VST production offers a comedic escape from midterms



Larry Flynn

Dim the lights. 

This story begins in St. Mary’s Hall, through narrow corridors into a black-box theatre, the heart of Villanova Student Theatre. In this secluded corner of campus blossomsw the evolution of talented actors and a rookie director who is not afraid to take creative risks. 

Cue the lights.

Or, just maybe, VST’s production of It Runs in the Family (live on campus, Feb. 16-20) is just a comedic escape for directors and actors alike.

“The world can be very mundane,” Director Anthony Massina said. “But comedy adds levity to everyday situation through laughter.”

The play, written by Ray Cooney and ACS-approved, explores themes of lying, family, and religion through the character of Dr. David Mortimore. While preparing to receive a prestigious award, David discovers he had a son with one of his nurses 18 years ago. As he navigates the slippery slope of fibbing and fabrication, David’s cycle of lies aim to hide his darkest secrets in pursuit of personal fame. But don’t be fooled – this play is ultimately about the humor that exists in such serious matters.

It’s this quick-witted humor that inspired junior Luke Hensley’s stellar performance of David. 

“I’m not a very outwardly funny person, but I love the dry, sardonic, subtle humor characteristic of British comedy,” Hensley said.  “Though we’ve changed the accents, locations, and a lot of the lines to fit a New York setting, the humor remains decidedly British. I think the play will resonate with fans of that subtle blend of understatement and hysteria seen in shows like The Office.”

It has been a new episode in Hensley’s experienced acting career at Villanova, who said he has “never had more lines in a show.”

If Hensley is the wily veteran in this play, consider Massina a directing rookie. Scratch that. A directing protégé. 

A junior in the school of business, Massina decided he needed to unleash his creative potential. Last summer, he attended the prestigious UCB Comedy Club and took screenwriting classes at New York University in order to emulate his comedy writing heroes such as Bill Murray, John Beluchi, and Chris Farley. 

“I enjoy business school,” Massina said. “But sometimes day-to-day work can be bland. I like having access to creative outlets.”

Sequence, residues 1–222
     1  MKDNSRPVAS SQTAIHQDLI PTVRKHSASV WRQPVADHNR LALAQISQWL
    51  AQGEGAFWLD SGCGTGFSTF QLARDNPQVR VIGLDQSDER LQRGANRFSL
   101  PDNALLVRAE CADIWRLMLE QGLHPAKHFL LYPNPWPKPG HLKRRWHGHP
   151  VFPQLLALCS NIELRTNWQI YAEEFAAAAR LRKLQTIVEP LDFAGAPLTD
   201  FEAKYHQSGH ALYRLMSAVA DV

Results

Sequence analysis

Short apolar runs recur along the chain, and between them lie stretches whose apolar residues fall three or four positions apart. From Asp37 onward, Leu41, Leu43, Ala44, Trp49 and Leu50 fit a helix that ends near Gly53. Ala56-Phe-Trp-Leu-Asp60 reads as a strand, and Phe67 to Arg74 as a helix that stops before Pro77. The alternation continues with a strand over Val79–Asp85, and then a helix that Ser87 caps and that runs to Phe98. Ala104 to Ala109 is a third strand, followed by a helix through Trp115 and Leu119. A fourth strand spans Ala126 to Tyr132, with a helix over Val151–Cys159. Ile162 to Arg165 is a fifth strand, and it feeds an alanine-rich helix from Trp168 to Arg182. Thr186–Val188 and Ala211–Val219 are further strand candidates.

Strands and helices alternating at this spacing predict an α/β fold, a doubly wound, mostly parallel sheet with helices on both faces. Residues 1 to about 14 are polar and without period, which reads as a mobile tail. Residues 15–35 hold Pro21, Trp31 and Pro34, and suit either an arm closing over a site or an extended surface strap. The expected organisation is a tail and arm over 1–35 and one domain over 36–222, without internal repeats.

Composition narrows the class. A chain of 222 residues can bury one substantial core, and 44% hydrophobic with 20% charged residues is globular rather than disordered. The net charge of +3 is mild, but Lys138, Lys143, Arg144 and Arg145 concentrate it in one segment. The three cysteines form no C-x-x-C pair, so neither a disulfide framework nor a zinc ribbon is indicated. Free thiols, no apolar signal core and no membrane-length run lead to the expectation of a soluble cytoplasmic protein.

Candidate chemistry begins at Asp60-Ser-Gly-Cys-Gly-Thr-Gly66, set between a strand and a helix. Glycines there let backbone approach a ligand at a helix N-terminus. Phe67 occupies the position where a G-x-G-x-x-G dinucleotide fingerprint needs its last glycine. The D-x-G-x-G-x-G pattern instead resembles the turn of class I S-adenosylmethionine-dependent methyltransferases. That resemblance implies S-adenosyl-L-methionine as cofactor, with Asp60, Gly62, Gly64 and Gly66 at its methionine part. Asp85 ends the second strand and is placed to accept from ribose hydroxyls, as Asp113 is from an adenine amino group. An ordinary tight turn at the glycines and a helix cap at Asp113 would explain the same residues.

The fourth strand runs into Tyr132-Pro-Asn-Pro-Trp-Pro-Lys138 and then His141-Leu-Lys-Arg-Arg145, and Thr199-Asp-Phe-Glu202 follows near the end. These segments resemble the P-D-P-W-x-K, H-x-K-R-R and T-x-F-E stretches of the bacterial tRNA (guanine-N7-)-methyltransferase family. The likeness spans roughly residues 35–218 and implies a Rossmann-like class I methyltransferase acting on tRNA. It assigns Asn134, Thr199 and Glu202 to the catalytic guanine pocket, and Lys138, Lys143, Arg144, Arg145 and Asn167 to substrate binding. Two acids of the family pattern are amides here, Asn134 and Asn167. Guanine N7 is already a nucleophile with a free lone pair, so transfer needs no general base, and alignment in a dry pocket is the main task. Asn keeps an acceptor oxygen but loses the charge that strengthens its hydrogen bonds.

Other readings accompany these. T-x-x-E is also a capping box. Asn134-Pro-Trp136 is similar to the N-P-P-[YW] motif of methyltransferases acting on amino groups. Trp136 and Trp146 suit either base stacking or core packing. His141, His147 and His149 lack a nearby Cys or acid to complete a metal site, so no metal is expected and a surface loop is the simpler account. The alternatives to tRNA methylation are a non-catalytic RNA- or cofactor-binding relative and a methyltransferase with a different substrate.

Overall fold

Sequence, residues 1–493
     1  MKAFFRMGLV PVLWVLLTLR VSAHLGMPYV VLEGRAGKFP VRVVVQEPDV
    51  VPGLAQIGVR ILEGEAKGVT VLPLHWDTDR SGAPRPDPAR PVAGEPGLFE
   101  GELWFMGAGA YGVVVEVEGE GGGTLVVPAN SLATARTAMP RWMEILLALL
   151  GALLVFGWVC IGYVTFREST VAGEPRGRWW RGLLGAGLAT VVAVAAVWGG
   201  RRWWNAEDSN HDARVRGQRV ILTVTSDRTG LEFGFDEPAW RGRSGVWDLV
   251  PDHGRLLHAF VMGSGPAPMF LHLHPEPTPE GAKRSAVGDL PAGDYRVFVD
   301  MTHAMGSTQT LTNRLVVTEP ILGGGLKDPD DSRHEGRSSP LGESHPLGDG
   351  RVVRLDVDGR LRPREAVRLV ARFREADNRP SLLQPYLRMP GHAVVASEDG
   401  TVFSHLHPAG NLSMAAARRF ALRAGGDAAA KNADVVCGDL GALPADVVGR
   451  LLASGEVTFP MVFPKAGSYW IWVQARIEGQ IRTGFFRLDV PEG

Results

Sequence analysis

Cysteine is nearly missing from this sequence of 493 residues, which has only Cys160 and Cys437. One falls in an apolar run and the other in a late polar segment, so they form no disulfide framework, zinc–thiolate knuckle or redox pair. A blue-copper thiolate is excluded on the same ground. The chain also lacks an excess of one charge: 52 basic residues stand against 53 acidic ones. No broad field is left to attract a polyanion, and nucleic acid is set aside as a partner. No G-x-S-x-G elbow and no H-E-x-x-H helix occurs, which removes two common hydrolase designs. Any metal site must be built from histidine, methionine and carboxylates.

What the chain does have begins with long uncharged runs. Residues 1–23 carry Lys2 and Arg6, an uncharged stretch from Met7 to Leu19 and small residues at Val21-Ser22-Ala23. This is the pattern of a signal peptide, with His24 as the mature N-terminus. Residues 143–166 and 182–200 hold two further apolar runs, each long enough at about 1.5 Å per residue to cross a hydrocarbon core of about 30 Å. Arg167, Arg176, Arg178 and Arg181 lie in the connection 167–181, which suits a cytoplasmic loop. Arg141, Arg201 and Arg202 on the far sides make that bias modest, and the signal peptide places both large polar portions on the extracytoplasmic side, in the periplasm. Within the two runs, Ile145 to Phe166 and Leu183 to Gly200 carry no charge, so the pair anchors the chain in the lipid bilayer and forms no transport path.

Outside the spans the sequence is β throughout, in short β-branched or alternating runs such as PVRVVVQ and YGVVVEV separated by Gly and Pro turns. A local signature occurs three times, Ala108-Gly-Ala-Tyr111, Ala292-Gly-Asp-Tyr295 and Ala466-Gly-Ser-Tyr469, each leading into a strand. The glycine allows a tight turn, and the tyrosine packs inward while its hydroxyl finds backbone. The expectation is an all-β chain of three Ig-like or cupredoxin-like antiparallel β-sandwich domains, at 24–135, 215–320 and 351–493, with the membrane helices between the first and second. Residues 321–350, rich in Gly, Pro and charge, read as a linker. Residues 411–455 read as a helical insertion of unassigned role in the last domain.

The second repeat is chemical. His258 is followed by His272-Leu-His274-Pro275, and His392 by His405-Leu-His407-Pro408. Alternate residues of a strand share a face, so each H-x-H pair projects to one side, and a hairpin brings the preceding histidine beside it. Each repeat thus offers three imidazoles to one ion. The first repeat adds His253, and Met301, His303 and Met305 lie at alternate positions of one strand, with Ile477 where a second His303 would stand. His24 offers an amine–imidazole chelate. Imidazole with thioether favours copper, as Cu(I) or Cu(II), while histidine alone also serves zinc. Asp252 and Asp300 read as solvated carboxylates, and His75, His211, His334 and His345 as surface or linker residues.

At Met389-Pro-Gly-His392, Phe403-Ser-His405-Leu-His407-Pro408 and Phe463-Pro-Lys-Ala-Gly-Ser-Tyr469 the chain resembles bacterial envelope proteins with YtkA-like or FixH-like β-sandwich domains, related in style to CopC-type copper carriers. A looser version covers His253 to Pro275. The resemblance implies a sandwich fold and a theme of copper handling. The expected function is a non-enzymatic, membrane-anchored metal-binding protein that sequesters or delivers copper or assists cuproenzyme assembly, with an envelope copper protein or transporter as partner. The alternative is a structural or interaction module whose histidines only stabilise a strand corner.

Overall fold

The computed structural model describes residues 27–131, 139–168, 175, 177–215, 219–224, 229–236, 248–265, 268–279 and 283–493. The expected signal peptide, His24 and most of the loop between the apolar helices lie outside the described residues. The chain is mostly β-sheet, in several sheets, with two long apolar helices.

Directing a play for Massina, however, also informs his emerging business career.

“Business owners direct people,” Massina said. “I want to direct people, but in a creative way as well. This play allowed me to show and refine my leadership skills.”

Forget the business background. On his own time, Massina has built a particularly illustrious improv resume, one which has helped direct “It Runs in the Family.” 

“In improv, actors try to make their peers on stage look good,” Massina said. “Improv is based to predicting how scenes should go and, in a way, I’m building scenes in improv. It’s as if everyone is directing the scene.”

Massina’s actors have looked up to him as an inspiration, most notably Sam Mazzarelli who plays the role of David’s wife, Rosemary.

“As someone who is horrible at improv, I was pretty much in awe coming in knowing that [Massina] had a background in improv,” Mazzarelli said. “He brought out a comedic side of me I didn’t think existed, and I wouldn’t have been able to make Rosemary as fully-rounded of a character as she is if it hadn’t been for his direction.”

The actors have ultimately taken matters into their own hands, transforming a collective cast of individual actors into, well, a family. 

“It’s a great environment where everyone got to share their opinion and contribute to the creation of this show, and that’s something I really respect,” Mazzarelli said. “[Massina] always emphasized that everyone in the show should always have each other’s backs.”

Her director agrees.

“In some shows I’ve seen,” Massina said, “the acting can be very individualistic. But this cast is working as a unit. This show isn’t based around one character taking the spotlight. Instead, this show builds through each individual character forming one cohesive unity of comedy.”

No lie.

The cast – I mean family – has enjoyed this experience with one another. The members of this comedic family have enjoyed sharing jokes with one another in the play’s production. 

This tight-knit family hopes “It Runs in the Family” hopes students will make their way to St. Mary’s Theatre this week to relieve their stress, consider the relationship between truth and lie, and maybe just laugh a little. 

“I think humor is such a powerful thing, because it lets people forget about their problems, even if it’s just for the split second,” Mazzarelli said. “People coming to see “It Runs in the Family” have the opportunity to just forget about their problems for two hours and just enjoy themselves.”